Can someone explain to me the reasoning behind boat pose? Can someone unveil the poetry behind it?
I’m not sure why, but boat pose to me is probably my least favorite pose. The way it looks, the way it feels, there’s nothing about it I like, yet today I felt like practicing. Tonight in the midst of some other extreme, complete, unpoetic bullshit I felt like boat pose was important. Why?
The issue I’m talking about makes me spill out these emotions that are ultimately not worth their weight. It’s a situation that is so time consuming and energy vesting for an end result that gets me nowhere. Or at least that’s what I believe it to be. It’s a rowing of one against the other. Ultimately the rows equal each other out in a way where this “boat” is going nowhere but in circles. And the way the water sloshes and the frustration spins is making me dizzy. Absolutely sea-sick.
So maybe that’s the poetry behind this pose. Perhaps our bodies know better than our minds when it comes to the release we need.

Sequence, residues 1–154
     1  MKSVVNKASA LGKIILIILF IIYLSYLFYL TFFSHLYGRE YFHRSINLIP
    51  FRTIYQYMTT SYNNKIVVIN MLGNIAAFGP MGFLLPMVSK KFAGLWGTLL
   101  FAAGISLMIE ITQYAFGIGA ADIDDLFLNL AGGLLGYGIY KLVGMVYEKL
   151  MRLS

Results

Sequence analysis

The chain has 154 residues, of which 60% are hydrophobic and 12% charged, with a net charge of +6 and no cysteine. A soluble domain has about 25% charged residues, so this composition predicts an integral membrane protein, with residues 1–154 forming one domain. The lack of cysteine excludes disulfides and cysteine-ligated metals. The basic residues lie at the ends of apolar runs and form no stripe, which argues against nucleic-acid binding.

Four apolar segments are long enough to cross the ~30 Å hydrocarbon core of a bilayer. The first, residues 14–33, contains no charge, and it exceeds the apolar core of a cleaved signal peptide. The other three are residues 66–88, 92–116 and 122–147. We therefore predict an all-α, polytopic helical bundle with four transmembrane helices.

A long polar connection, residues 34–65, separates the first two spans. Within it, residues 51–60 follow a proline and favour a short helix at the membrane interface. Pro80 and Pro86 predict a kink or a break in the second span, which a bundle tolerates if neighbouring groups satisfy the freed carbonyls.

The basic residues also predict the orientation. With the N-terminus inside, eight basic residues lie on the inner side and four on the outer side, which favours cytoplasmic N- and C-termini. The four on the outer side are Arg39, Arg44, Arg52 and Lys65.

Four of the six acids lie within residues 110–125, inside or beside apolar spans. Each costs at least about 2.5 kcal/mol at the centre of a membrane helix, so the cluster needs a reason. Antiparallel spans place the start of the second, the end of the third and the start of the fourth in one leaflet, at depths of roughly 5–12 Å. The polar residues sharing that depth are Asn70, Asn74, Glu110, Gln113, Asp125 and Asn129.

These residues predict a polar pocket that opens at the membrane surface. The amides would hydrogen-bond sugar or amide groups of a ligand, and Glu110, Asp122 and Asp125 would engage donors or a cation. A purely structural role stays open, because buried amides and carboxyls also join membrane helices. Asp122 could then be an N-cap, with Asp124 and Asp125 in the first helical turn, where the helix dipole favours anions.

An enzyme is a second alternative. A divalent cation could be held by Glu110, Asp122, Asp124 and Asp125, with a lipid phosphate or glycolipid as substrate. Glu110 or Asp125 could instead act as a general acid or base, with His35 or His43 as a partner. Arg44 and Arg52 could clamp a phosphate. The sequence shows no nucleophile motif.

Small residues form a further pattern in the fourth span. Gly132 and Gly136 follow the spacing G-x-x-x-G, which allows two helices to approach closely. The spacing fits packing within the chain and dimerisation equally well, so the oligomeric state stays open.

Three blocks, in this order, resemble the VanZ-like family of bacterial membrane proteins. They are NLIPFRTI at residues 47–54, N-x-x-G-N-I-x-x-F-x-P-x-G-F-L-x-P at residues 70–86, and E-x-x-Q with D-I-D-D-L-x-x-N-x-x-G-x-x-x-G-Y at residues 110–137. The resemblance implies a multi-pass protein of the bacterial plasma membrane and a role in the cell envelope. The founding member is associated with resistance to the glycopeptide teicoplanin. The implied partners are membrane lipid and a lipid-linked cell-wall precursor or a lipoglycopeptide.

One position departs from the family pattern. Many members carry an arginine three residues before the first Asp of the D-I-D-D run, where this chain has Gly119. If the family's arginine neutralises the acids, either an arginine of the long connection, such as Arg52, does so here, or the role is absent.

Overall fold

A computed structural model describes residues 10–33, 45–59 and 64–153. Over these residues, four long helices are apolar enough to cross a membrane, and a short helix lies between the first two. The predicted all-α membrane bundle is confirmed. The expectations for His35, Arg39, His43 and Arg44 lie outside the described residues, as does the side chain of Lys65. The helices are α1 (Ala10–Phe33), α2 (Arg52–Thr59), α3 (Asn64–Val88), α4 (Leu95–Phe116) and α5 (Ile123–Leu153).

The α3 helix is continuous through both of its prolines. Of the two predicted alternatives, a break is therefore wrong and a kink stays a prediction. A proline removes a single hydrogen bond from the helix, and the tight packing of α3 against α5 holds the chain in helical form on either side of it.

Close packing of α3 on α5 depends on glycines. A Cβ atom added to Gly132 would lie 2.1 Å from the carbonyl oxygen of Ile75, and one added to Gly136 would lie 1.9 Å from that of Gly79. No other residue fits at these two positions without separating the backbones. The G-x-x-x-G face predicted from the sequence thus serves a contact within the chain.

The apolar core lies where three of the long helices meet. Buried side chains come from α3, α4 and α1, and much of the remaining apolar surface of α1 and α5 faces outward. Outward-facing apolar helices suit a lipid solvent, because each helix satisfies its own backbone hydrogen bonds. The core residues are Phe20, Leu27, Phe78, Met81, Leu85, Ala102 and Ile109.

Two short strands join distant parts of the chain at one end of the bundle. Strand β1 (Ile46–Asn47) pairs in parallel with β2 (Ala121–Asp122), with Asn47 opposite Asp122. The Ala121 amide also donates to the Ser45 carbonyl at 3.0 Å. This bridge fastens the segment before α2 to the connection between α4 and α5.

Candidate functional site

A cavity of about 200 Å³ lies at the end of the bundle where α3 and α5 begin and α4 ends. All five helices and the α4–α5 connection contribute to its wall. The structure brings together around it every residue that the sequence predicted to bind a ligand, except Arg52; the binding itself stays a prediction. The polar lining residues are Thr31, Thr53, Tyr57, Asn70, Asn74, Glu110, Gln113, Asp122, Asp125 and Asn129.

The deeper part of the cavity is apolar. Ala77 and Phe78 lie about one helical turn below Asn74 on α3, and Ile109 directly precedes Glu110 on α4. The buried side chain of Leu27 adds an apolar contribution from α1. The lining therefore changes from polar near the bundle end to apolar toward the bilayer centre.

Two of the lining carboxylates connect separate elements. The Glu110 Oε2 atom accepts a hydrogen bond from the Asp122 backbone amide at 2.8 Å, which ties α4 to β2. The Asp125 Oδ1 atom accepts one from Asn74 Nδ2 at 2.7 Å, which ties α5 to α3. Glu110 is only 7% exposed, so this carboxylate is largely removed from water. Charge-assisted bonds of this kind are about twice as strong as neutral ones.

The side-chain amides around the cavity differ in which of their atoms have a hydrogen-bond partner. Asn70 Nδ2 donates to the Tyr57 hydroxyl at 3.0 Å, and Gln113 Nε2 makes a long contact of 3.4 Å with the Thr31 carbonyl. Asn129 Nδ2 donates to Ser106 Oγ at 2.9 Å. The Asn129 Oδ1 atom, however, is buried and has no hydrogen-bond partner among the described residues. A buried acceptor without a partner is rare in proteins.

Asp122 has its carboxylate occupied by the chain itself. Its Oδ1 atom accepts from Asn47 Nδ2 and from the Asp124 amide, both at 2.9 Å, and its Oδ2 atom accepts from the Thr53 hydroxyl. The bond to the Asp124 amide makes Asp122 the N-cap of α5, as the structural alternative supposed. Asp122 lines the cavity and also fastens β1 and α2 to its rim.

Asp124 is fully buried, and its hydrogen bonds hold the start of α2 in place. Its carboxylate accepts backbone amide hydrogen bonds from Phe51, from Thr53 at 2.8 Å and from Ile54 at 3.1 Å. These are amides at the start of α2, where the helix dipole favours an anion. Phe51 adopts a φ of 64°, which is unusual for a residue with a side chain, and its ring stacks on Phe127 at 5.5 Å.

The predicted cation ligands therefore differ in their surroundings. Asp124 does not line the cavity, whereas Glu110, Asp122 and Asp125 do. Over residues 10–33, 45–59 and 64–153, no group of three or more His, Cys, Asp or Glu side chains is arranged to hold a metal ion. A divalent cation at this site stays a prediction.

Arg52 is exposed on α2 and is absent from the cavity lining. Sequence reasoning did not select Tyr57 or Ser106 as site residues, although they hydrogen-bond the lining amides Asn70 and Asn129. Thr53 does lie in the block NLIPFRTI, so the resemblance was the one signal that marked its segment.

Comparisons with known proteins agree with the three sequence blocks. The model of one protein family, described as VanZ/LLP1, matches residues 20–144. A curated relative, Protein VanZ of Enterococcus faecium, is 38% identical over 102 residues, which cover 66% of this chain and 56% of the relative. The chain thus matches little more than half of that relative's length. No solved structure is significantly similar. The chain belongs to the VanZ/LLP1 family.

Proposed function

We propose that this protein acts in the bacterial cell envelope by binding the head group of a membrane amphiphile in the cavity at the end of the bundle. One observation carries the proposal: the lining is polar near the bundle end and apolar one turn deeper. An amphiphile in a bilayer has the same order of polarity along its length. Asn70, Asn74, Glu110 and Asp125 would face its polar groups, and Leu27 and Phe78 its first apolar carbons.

Boat is challenging to me. Absolutely horrifying, not only because of its “ugliness” but also because of the one thing it requires to successfully ease into it. Core strength. So how strong is your core? That’s the real challenge here. That’s the real question.
How firmly do you stand your ground when it comes to the truth of WHAT you stand for?
Tell me your poetry for boat.
I think I just uncovered mine. The poetry that hides behind boat is this;
When you feel that burning at your core what do you hear your heart whisper? Is it an, “enough let it go?” or do you hear, “keep going it’s worth it?” When the rowing gets to be frustrating is it because you are going in circles or is it because your end destination is in sight? Only you know the answer.
So keep in boat a little longer. Row just a little harder. In yoga it all becomes clear eventually.